What starts as a genocide survivor’s dream to revive an ancient sport
Filmed over five years, it tells of the struggle of an older genocide survivor to resurrect the ancient Cambodian martial art of Bokator — virtually lost during the brutal Khmer Rouge regime — and preserve it for the nation’s youth.
Through this journey, the film gets to the very core of the generational fracture happening in Cambodian communities around the world today, between genocide survivors determined to revive and maintain traditional ways, and Cambodia’s youth looking to forge a new path forward.
How it all started…
While working in Cambodia on a martial arts segment for an experimental short film, director Mark Bochsler happened upon the story of Grandmaster Sean Kim SAN and his mission to rescue Cambodia’s ancient martial art of Bokator from extinction. Kim Sean referred to his mission as “surviving bokator” for the next generation.
Mark immediately felt compelled to document this burgeoning grassroots movement of restoring Cambodia’s culture. Bokator (which has its techniques carved on the walls of the Angkor temples), became a metaphor for Cambodian’s collective strength, which was taken from them during the 1970’s cultural cleansing by the Khmer Rouge, the regime systematically executing practitioners of traditional arts, among many others.
Upon embarking on this journey in the spring of 2010, Mark was unaware he would commit seven intense years to this project, having to face various challenges along the journey. But building deep relationships with the Bokator Family over the years has been a privilege — and being given access to tell this Cambodian story as a foreigner, an honour.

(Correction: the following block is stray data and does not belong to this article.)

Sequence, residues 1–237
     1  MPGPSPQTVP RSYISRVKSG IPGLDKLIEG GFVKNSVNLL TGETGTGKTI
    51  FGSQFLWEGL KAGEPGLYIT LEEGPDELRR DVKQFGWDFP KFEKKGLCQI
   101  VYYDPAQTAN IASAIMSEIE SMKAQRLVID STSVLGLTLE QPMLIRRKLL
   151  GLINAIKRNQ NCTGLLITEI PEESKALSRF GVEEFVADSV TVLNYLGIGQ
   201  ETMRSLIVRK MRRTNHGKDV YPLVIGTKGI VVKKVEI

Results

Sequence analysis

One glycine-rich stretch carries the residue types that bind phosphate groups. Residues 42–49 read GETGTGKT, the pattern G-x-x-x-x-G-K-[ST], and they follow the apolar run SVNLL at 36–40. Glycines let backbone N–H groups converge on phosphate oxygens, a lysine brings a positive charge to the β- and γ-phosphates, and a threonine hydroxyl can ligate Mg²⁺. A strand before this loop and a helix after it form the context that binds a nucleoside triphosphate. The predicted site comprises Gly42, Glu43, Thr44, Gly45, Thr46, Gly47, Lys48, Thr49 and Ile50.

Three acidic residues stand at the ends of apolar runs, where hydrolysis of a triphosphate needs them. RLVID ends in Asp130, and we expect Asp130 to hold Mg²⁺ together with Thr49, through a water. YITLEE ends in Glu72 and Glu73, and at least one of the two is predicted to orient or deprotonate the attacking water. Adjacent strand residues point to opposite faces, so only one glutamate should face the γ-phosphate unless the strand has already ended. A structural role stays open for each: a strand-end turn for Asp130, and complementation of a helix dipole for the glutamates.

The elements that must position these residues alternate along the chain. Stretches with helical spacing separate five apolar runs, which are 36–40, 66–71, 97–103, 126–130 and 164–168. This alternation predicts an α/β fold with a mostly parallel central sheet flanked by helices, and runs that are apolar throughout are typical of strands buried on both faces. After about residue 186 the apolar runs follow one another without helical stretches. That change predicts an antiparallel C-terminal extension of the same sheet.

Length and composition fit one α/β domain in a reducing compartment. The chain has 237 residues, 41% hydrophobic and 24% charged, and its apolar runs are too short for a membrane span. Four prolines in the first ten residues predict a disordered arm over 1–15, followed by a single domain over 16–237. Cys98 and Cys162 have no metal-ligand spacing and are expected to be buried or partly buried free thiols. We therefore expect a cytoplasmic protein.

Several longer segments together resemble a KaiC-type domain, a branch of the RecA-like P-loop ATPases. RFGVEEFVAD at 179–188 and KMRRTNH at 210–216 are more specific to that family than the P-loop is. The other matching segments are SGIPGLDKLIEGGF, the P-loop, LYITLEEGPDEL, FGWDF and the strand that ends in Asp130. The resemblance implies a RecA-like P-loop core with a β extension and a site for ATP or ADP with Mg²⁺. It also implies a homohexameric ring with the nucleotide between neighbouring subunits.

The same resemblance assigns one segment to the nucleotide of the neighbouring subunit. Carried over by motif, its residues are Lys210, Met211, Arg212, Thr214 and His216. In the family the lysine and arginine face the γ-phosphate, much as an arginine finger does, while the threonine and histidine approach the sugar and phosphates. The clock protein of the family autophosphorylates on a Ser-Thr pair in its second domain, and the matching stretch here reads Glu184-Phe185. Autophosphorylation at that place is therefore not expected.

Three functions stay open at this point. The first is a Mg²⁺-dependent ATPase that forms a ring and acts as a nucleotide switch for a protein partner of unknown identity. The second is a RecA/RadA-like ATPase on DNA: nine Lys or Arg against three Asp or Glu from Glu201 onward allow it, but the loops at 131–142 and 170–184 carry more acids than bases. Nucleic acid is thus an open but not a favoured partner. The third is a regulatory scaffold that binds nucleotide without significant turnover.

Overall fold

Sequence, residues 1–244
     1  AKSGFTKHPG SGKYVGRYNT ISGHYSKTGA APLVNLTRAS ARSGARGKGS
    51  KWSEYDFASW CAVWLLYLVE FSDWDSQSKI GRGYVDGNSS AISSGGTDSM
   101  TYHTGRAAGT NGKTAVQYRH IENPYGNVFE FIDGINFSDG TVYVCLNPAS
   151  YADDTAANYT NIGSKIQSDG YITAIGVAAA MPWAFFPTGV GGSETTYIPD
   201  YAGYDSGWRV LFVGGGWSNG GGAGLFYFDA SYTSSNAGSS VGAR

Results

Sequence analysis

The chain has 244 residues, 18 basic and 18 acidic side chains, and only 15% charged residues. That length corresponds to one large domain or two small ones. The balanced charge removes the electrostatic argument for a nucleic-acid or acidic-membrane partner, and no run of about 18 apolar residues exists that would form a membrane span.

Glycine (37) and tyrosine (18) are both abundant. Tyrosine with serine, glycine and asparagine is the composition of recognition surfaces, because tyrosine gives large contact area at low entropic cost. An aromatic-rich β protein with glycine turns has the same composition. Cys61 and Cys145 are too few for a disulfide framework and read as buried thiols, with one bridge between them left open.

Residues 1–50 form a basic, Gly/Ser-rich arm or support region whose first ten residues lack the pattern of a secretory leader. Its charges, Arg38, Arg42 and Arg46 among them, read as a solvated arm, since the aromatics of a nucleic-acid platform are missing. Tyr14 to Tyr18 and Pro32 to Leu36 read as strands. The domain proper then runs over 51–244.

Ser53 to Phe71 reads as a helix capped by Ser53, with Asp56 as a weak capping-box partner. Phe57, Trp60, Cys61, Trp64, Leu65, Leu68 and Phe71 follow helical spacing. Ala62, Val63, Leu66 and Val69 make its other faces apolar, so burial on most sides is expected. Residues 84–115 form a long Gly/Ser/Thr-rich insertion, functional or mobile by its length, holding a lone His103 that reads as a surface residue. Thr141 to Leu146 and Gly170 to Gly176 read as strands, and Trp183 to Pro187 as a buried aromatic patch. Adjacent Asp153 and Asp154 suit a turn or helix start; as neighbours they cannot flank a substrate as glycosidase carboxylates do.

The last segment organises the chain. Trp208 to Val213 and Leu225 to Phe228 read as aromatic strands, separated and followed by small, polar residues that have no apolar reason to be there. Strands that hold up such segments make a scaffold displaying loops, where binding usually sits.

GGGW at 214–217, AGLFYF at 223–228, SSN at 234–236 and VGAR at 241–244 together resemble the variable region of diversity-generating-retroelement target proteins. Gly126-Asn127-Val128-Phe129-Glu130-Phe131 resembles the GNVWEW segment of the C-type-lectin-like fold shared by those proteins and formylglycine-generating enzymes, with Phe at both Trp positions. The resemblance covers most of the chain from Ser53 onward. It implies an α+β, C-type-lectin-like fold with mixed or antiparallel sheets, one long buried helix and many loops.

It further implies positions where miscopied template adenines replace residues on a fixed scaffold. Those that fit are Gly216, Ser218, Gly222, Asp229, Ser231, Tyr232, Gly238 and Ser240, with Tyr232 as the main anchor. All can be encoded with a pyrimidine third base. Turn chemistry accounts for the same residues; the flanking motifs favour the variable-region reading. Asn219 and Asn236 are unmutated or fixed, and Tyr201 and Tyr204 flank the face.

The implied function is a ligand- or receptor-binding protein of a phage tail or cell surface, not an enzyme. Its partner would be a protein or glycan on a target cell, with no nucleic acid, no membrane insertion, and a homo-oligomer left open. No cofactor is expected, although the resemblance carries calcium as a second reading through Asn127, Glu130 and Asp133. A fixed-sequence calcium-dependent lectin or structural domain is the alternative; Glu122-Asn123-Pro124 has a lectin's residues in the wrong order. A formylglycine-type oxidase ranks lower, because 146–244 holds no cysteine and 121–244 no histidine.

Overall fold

A Country On The Brink…
Surviving Bokator is an intimate personal narrative that also represents the broader story of a post-war nation struggling to rebuild its traditional identity. The film illustrates why culture is of paramount importance, both for individuals and for a society that has lost connection with its past.
People often associate war with loss of life and property, but the cultural implications are rarely examined. The death of an estimated 2.5 million Cambodians in the 1970’s by the fanatic Khmer Rouge included a large percentage of intellectuals, teachers and cultural leaders. The regime sought to eradicate all traditional Cambodian cultural knowledge including the martial arts. Those with knowledge of fighting were killed by the regime in order to suppress rebellion.
With this, the traditional passing down of skills and knowledge to the next generation came to an abrupt stop.
However, with determination and strength of spirit, Cambodia has been undergoing a cultural renaissance. This story is an inspiring catalyst for the change that we wish to see worldwide, the ability of a people to steer through adversity and to recover from devastating loss.